Certainly. Comparing the performance of gold standard rounds like the popular Fed HST and Speer GD, you can see overall skew of any particular test. I look at the results of Fed HST 124gr standard pressure in any test when I’m comparing something new or different.

        • P.J. says:

          Huh. That contradicts TN9Outdoors test, which appear to have used calibrated gel, unlike the Lucky Gunner test.

  3. Uncle Dan says:

    I’ve been thinking about trying the 100 grain Hornady FTX Lite in the Shield & G19 for function and accuracy.

    The 19 is soon to be a house gun for my daughter. An ETS 22-rounder w 22 100 grainers could be effective…

  4. DAN III says:

    Folks,

    Remember. Nobody wants a hole in them no matter how small.

    Don’t get wrapped around the axle too much with the barrel length/velocity/bullet expansion concerns.

  5. Big Daddy says:

    No problems with +P 124 Gold Dots.

  6. Jeff says:

    I’m not a gunsmith, and don’t get this: “really hot ammo can speed up slide velocity to the point that the slide is moving faster than the magazine can feed the next round up to the proper position in the feed lips for proper function.”

    Since the next round can’t come up until the slide is back, the rearward speed of the slide shouldn’t be relevant. The round is trapped until the slide lets it up, regardless of slide velocity. It CAN’T come up until the slide, fast or slow, clears. It’s not in the process of coming up while the slide is still over the round, is it? Assuming the design doesn’t allow the slide to travel to the rear any more distance than necessary for next-round clearance, the TIME for the round to feed isn’t affected by slide velocity to the rear. Once the slide is back and the next round is released, the FORWARD velocity of the slide becomes relevant. But the ammo recoil shouldn’t affect the forward velocity, which is imparted solely by the recoil spring, assuming the slide goes all the way back to a stop with any ammo. The only other factor immediately evident is whether the hot ammo makes the slide bounce off the stop with more forward velocity than does standard ammo.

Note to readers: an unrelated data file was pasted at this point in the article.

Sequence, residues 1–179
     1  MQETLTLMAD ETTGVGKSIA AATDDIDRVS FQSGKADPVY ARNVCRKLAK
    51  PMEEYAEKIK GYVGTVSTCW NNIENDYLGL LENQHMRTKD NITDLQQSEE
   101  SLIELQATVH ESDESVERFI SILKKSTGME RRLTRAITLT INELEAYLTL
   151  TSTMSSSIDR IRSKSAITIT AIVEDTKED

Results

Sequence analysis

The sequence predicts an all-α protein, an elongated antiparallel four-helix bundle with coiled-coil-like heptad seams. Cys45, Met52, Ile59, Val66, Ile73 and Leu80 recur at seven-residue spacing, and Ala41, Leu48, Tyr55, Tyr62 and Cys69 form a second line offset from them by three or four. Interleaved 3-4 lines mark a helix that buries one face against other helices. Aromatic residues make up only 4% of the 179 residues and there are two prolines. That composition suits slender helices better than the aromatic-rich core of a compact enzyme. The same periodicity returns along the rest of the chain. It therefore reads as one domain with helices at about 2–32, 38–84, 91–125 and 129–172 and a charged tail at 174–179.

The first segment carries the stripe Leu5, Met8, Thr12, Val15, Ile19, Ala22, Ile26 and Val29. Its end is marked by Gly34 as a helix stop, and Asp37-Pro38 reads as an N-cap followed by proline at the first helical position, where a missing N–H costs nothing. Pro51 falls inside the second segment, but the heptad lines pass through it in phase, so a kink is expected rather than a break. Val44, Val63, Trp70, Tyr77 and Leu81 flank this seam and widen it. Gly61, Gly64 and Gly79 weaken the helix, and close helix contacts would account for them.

Or maybe the hot ammo in a lil pocket pistol just increases limp-wrist malfunctions and we blame it on slide velocity instead.

    Regardless of the REASON your pistol might not like certain ammo, just test it and make sure you’re using ammo it likes when you shoot it.

    • Mike says:

      You are correct about slide rebound. If it goes back faster, it goes forward faster. This problem is amplified by weak magazine springs, which is likely to be more common in carry guns since the mags are left loaded for extended periods.